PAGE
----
WASHINGTON — The White House on Sunday stepped up its campaign to avoid across-the-board spending cuts scheduled in less than a week by releasing estimates of what reductions could mean in every state.
In California, for example, 1,210 teachers and aides could lose their jobs, according to the White House. In Florida, 7,450 fewer children could receive vaccines for diseases. In North Carolina, 800 victims of domestic violence could go without treatment.
"This is a small sample of the consequences in the states across the country in everything from education, national defense, environment, public health," said Jason Furman, principal deputy director of the National Economic Council.
Five days before the cuts are to take effect, administration officials, members of Congress and governors continued to assign blame for them while warning about the possible dire consequences.
The automatic cuts — known in Washington as sequestration — are the result of a bipartisan deal in 2011 to raise the nation's debt ceiling. Congress agreed that if a 12-member committee could not find ways to reduce the deficit by $1.2 trillion over the next decade, the cuts would come from spending.
"This sequester is going into effect because Republicans are choosing for it to go into effect," Obama senior adviser Dan Pfeiffer said. "They've made that choice."
The first round of cuts, now estimated at $85 billion, was set to start in January. But the White House and Congress agreed to delay that until March 1 as part of a deal that raised taxes on the richest 1 percent of Americans.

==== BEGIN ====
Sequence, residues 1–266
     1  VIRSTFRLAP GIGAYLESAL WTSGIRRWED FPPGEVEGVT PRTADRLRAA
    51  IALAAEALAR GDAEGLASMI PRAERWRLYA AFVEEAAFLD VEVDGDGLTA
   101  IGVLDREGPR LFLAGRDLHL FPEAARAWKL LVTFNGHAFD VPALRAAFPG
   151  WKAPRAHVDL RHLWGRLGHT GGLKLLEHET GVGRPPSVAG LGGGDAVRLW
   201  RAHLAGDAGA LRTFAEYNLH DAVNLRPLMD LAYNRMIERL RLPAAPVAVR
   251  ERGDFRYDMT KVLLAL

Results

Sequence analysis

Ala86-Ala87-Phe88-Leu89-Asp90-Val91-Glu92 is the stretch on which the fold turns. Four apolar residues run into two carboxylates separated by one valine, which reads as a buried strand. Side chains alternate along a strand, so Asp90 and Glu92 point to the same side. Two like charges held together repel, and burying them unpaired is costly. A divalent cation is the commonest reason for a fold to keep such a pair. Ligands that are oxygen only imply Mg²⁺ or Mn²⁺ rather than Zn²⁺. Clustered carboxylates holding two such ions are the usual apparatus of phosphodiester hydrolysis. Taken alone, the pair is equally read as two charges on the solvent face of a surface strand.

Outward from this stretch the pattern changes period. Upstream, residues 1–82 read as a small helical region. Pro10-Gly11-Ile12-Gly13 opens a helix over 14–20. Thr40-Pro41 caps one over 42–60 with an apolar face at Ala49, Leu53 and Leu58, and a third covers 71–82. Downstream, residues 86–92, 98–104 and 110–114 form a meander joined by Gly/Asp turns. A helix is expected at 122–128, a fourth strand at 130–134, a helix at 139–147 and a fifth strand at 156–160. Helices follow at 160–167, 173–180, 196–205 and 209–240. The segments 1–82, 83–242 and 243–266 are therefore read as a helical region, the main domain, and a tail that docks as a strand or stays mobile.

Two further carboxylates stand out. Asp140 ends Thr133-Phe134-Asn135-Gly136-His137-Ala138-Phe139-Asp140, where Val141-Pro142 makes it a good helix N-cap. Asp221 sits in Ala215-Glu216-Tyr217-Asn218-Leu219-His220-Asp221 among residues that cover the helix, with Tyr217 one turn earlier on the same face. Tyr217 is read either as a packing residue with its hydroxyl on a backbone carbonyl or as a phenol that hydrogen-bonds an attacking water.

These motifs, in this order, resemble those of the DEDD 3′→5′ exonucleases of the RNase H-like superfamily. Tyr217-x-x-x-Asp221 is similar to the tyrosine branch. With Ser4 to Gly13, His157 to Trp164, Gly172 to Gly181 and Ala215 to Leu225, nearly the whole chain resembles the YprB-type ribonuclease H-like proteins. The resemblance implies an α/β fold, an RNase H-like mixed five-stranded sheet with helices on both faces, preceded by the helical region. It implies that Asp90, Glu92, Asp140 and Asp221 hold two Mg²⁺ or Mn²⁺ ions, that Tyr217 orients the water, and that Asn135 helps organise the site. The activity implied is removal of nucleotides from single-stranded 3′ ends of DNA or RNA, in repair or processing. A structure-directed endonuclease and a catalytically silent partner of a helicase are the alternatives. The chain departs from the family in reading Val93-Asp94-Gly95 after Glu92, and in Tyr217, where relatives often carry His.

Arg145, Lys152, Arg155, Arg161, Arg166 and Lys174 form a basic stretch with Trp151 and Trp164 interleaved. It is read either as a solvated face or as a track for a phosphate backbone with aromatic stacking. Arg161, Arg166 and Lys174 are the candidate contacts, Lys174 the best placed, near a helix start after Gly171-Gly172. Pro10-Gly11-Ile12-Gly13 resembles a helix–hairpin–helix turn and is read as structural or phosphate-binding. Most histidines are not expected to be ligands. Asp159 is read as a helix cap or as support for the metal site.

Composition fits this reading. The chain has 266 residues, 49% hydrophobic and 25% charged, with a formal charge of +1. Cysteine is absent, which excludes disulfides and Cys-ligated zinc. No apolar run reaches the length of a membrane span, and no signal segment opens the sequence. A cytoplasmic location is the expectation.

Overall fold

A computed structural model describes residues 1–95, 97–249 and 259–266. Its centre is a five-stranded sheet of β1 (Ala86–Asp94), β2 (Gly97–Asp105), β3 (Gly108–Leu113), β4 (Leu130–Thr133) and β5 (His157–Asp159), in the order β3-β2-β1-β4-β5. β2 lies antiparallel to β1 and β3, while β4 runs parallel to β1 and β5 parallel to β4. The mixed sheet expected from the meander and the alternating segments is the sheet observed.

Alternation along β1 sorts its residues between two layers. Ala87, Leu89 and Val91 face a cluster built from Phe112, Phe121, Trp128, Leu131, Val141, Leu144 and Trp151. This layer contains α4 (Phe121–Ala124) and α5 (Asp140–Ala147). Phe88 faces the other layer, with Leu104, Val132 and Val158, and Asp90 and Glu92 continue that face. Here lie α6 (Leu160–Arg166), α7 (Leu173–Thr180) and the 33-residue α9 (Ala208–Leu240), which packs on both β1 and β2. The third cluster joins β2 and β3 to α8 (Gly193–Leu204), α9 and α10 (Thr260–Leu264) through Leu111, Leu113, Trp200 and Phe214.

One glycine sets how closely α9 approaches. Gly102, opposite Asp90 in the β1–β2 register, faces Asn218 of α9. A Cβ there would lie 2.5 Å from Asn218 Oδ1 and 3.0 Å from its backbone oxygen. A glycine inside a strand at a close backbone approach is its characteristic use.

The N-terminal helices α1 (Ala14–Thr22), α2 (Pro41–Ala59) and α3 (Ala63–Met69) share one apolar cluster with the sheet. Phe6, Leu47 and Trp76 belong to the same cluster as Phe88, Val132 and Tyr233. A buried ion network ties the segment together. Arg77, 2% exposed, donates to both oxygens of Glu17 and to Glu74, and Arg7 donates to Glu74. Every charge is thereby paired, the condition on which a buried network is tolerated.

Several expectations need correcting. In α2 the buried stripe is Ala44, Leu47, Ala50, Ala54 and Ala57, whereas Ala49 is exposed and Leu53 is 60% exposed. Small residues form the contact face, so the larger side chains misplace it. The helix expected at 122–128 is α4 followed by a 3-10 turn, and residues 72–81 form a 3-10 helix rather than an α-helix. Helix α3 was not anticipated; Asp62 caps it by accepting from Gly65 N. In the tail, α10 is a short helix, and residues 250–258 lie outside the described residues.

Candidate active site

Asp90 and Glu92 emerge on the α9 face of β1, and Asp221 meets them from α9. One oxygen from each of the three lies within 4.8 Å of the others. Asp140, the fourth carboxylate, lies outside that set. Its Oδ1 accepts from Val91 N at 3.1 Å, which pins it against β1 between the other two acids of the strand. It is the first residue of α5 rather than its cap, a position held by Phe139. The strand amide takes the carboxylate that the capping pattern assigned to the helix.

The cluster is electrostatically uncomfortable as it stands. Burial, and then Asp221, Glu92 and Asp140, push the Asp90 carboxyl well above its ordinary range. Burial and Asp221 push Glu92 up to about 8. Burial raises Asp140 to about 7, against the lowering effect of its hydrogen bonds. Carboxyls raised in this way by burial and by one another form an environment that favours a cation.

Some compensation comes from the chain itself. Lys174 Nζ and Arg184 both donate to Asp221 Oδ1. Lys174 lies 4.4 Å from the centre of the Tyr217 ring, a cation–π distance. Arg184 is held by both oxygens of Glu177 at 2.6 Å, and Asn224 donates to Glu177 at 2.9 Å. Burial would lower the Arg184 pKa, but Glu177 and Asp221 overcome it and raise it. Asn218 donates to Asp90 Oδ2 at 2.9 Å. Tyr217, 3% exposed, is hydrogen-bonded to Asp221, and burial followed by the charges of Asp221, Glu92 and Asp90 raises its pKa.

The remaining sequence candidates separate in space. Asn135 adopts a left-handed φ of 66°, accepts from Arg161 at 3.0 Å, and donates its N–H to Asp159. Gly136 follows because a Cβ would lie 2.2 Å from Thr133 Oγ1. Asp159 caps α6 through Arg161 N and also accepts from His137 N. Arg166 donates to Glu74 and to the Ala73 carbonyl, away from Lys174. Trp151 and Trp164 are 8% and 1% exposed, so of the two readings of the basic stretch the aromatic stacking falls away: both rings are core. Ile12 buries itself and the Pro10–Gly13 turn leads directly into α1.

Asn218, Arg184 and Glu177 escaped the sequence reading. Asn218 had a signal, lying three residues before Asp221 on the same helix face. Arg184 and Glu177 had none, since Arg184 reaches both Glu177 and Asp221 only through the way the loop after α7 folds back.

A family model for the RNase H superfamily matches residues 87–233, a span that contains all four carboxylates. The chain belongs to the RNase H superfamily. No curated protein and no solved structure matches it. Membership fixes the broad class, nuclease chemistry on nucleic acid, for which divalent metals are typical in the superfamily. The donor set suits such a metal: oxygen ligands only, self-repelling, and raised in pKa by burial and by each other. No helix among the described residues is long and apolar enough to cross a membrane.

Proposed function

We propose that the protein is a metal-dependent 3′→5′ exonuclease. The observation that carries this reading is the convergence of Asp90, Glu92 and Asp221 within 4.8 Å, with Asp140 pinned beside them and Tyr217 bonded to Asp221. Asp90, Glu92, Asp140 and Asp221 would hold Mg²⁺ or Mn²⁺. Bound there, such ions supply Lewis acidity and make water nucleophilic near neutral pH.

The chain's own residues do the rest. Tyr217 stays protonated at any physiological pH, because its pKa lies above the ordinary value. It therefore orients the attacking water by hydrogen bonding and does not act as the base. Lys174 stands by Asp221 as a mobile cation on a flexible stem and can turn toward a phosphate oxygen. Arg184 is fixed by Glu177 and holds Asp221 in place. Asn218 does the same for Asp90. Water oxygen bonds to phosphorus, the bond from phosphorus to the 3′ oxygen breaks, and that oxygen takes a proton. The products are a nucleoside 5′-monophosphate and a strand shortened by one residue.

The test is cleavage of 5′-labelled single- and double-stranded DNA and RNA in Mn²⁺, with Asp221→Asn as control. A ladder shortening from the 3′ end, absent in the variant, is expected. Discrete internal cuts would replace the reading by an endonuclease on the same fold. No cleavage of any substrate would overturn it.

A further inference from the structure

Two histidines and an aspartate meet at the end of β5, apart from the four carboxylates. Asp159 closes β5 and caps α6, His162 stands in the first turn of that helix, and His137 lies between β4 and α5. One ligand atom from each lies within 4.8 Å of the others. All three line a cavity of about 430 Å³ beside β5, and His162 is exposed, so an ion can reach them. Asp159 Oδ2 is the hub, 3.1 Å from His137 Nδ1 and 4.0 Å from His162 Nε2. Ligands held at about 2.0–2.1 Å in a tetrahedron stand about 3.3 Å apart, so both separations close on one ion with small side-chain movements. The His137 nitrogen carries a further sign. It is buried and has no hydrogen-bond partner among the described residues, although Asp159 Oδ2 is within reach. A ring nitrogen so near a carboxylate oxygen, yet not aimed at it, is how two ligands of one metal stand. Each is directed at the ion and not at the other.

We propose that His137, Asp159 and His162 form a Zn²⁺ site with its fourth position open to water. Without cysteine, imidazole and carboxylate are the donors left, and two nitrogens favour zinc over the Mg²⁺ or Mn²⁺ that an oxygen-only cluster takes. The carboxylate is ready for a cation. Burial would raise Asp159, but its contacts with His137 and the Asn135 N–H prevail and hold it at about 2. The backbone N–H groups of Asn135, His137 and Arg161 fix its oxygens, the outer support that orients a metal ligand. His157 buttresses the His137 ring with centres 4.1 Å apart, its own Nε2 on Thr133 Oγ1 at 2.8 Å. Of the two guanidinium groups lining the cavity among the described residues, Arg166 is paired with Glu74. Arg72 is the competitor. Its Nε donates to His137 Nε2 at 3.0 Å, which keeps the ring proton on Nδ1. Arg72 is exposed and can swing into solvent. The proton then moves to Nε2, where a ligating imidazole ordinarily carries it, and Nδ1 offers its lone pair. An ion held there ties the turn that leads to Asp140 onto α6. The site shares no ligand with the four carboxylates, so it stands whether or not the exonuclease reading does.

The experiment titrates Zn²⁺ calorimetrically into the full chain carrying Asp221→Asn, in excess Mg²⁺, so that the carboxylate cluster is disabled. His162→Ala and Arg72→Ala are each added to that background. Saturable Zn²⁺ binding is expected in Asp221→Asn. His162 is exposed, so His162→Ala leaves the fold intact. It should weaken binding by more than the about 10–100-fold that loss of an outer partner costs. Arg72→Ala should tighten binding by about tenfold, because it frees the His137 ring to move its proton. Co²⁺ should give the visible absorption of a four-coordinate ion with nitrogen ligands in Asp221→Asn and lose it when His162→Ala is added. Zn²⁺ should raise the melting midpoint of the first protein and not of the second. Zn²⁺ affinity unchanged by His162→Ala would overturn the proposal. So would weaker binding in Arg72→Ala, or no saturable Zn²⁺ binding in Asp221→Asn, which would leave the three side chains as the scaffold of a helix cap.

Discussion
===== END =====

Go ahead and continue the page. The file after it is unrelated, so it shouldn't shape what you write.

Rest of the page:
"Republicans in the House have voted — twice — to replace President Obama's sequester with smarter spending cuts," said Michael Steel, a spokesman for House Speaker John Boehner, R-Ohio. "The White House needs to spend less time explaining to the press how bad the sequester will be and more time actually working to stop it."
Obama is urging Congress to delay the reductions, even by a few months, by passing a package of modest cuts and additional revenue by eliminating tax loopholes benefiting certain industries or the wealthy.
But many Republicans oppose increases in revenue. Some want to the cuts occur while others are considering changing the law to would allow agencies to determine how to best administer the reductions.
Rep. Mike Rogers, R-Mich., chairman of the House Intelligence Committee, said on ABC's This Week that the worst of the cuts could be alleviated with some flexibility. "The best way to do it is just allow flexibility. If you allow flexibility you don't have to shut down the carrier."
White House spokesman Jay Carney has insisted for weeks that the agencies have no flexibility. Administration officials did not respond to questions Sunday about whether they would support a change in law to gain flexibility.
But on Sunday some Democratic lawmakers continued to say the best course of action is a compromise between the Republican-led House and Democratic-controlled Senate to avert the cuts.
Sen. Claire McCaskill, D-Mo., said on Fox News Sunday that Defense Department officials have said "even if we did some kind of flexibility move at the eleventh hour, it's too little, too late in terms of what they've got in motion."